But the first book to include an examination of Shipman's Pontefract career, which is published next week, suggests that he probably did kill during his time there. The book, Harold Shipman: Mind Set on Murder, by Carole Peters, whose work has spawned television documentaries on six serial killers, draws on interviews with two of Britain's leading criminal profilers: Professor Paul Britton and Dr Julian Boon, who has been employed by West Yorkshire Police to examine Shipman's prison correspondence.
Dr Boon concludes that it is unlikely Shipman would have started killing patients at Todmorden, since most serial killers "build up" to such acts when the opportunity first presents itself - for Shipman, in his first job and while working unmonitored at Pontefract. "There would be people coming in from road accidents or whatever," Dr Boon says. "If you are Shipman and you have proclivities, there is the temptation to push them over the edge and then come out and be the hero of the hour and say, 'I did all I could to save them'."
For its thesis that Shipman's fascination with death predates Todmorden, the book also draws on interviews with his colleagues at Leeds University Medical School, who suggest he seemed drawn to spend more time than any of them with bodies. Pontefract's disinclination to believe that a killer might have been working in its midst led the Shipman inquiry to appeal for evidence through the local Express, and in some quarters the inquiry still breeds cynicism. "Times are hard around here," said Jack Roberts, at the bar of the Fox Inn near the infirmary, as he recounted how three of the five factories that once produced the liquorice for which the town is famous have closed.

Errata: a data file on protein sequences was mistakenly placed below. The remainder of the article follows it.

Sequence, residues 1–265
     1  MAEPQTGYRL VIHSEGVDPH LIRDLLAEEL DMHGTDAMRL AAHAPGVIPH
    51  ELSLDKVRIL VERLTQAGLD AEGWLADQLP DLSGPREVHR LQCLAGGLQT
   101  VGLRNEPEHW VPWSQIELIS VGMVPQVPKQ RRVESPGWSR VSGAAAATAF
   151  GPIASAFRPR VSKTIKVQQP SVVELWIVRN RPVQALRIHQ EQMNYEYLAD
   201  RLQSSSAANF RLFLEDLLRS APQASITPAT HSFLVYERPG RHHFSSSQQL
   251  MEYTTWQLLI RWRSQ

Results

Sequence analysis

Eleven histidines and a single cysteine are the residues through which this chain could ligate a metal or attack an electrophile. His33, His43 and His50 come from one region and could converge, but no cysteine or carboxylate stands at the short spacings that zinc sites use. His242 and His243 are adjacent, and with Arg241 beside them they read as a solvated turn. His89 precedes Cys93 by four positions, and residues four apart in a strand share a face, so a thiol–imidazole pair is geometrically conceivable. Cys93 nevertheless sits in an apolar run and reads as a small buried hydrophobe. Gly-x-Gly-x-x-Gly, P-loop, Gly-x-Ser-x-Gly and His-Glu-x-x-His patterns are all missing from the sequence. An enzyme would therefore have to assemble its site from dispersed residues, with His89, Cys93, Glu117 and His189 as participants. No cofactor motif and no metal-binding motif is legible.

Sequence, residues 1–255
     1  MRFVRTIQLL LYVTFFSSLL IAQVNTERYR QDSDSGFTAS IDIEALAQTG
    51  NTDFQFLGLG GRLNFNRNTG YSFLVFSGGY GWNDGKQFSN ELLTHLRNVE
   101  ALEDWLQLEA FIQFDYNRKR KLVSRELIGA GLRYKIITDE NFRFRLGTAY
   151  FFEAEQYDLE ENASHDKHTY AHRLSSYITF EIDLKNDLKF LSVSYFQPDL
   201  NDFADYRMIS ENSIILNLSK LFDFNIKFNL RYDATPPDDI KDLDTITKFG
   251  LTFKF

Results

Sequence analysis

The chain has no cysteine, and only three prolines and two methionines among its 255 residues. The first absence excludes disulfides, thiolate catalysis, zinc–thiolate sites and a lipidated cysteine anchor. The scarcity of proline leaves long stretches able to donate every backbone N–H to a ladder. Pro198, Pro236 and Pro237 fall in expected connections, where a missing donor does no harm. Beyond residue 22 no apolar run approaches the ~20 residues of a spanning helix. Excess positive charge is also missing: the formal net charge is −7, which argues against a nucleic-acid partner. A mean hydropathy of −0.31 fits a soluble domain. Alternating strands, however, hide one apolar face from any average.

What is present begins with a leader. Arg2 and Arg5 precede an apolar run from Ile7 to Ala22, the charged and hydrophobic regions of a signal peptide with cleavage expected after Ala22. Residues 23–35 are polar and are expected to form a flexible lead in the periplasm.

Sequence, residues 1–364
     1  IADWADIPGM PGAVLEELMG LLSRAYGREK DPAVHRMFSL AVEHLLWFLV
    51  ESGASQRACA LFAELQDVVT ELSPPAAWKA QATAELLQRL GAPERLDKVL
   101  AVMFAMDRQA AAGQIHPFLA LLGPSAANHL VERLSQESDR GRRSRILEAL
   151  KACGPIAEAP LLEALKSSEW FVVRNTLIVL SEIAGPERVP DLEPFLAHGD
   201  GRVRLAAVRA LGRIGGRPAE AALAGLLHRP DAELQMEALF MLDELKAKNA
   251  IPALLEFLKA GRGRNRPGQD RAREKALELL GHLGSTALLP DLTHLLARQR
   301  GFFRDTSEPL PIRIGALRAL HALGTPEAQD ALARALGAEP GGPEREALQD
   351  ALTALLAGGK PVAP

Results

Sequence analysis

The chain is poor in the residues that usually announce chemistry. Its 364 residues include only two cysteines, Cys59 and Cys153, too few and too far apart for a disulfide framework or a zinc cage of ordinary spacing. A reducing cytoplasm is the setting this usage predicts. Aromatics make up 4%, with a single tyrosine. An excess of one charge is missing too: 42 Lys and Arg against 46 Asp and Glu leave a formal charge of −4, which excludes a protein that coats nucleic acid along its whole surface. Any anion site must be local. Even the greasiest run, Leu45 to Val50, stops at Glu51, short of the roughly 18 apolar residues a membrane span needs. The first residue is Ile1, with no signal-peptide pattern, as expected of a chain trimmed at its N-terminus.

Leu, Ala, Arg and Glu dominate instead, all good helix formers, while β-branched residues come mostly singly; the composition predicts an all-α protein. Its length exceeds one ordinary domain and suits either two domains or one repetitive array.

"People hear the TV news and decide they will make money - compensation - if they can. I think a lot of people have got Shipman wrong. He belongs to a time when, if the elderly were very ill, the doctor would help them on the way."
But Mr Roberts was in a fast-diminishing minority. The Express said yesterday that it had suddenly found itself with anecdotes to pursue, as names from the past came flooding back to mind. They may have included Sheila Skipson, remembered at the Fox Inn by John Dawes. "Early 1970s she went," he said. "She was not a young woman but it's difficult to rest easy about these people now. Who knows what was going on?"
The chances of such 30-year-old recollections establishing a likelihood of murder are slim. In Todmorden, the loss of medical records and death of potential witnesses resulted in only one death being firmly linked to Shipman by the inquiry. The task is even harder in Pontefract, where the inquiry's conclusions, to be revealed on Thursday, may be purely statistical - comparing the number Shipman's death certificates to those signed by other doctors.
"These [individuals] who died were hardly salsa dancing," said a source who has helped the inquiry. "They were chronically ill and guilt is difficult to determine. There is much that we can never know."Reuse content